No matter how often it happened, Simon could never get used to the heavy cloud of blood, sweat, and body odor that wafted up from the men carrying their crosses. He wasn’t even supposed to be there that day, walking home from the market when the morbid procession had caught him up in its clutches. And when a guard called him from the crowd, pointing with his bloody whip to a collapsed man, a thorny crown pressed into his skull, cross slicked with his blood, Simon’s heart sank. It didn’t matter if it was his cross to bear, the guard decided he would bear it. He stepped up beside the man, nose crinkling as blood and sweat and death rolled over him in waves. The whip cracked over them, tearing into his unblemished shoulders unfairly. Fire streaked in its wake, spurring them on.
The hill loomed ahead of them, dark clouds rolling behind it. How would they ever make it?
“Thank you,” the man—the criminal—whispered, hoarse, yet unbearably sincere. Simon just nodded, pulling the man’s cross further up his shoulders and ignoring how his bones creaked and screamed in protest as he tucked away his shame. The whip cracked again.
When their faltering steps crested Calvary, Simon almost cried in relief, dropping the cross and staggering back. His clothes were torn and soiled, wet with sweat and mud. The man collapsed, his skin a patch-work art piece of reds, purples, blues, and bone. If his ribs hadn’t been wheezing out shallow, pained breaths, Simon might have thought him dead.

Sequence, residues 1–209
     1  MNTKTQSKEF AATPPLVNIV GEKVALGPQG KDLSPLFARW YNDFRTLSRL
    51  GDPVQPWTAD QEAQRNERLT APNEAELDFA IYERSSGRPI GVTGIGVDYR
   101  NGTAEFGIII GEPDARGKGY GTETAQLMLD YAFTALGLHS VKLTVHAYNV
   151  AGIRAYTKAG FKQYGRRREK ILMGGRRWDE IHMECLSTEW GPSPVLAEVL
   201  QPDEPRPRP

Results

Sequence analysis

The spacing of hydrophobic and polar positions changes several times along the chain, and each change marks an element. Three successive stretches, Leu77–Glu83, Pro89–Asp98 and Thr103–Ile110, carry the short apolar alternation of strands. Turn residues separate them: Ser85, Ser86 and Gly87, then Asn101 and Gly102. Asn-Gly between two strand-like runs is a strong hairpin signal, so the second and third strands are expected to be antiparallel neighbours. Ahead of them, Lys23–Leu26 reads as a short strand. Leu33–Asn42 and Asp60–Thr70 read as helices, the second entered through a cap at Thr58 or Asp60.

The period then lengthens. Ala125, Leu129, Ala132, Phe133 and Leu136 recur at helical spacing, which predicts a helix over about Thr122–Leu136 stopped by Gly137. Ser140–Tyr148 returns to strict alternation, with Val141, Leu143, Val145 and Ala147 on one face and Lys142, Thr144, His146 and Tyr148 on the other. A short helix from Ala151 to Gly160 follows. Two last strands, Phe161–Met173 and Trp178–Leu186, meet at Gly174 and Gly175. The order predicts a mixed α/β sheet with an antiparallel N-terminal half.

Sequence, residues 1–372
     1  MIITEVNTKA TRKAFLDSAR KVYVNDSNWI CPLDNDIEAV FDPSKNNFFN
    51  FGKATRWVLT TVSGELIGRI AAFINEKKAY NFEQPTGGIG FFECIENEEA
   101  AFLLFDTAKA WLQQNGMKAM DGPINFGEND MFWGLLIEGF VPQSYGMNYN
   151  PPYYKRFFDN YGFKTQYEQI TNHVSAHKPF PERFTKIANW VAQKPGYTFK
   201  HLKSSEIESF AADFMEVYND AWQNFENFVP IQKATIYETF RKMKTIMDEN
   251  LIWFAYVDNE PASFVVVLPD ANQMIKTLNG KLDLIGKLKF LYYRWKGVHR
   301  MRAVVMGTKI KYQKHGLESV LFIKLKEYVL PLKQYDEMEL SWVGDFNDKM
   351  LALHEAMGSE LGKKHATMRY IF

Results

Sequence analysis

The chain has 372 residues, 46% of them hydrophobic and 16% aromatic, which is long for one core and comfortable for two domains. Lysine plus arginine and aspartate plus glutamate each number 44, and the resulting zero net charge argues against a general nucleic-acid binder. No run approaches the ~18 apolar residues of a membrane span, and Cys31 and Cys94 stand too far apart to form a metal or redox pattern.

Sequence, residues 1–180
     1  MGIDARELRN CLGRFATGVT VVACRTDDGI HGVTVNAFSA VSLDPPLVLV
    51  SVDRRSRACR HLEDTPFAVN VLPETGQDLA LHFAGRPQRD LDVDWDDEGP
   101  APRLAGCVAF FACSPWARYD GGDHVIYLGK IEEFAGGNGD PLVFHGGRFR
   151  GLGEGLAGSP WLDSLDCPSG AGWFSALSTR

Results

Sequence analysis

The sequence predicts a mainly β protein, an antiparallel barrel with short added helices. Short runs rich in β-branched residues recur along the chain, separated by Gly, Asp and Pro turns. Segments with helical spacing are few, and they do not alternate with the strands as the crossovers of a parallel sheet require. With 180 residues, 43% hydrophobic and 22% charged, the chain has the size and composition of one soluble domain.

The guards kicked at him, and the man heaved himself up. Kind, haunted eyes met Simon’s own and nodded thanks, again, before being dragged away. Simon swallowed, the ache in his shoulders no match for the weight in his heart.
“Is that man really Jesus?” he asked the soldier.
“That’s what they call him.” Simon nodded, still watching them drag Jesus away. He knew what came next. Everyone knew what came next. The nails, the pleading, the labored breathing, and finally, death. What good would it do to stay? He wasn’t even supposed to be here. What was one more witness?
A breeze moved against his body as he pushed his way through the crowd. A woman sobbed out Jesus’ name. He almost turned, almost joined her and said…something. Anything. But he didn’t. He just kept walking.
Henri Nouwen puts it this way:
Suffering and death belong to the narrow road of Jesus. Jesus does not glorify them, or call them beautiful, good, or something to be desired. Jesus does not call for heroism or suicidal self-sacrifice. No, Jesus invites us to look at the reality of our existence and reveals this harsh reality as the way to new life. The core message of Jesus is that real joy and peace can never be reached while bypassing suffering and death, but only by going right through them.
As we enter these Easter days, may our hearts be moved to rise and rise again through suffering on this narrow road. May we make our choices with eyes wide open, hearts attuned to Jesus’ suffering and his whispered word of gratitude in our ears. May we understand that his love is stronger than any harsh and awful reality. May we answer his invitation to trust with whatever strength and inclination we have…knowing that because he is with us, it is enough.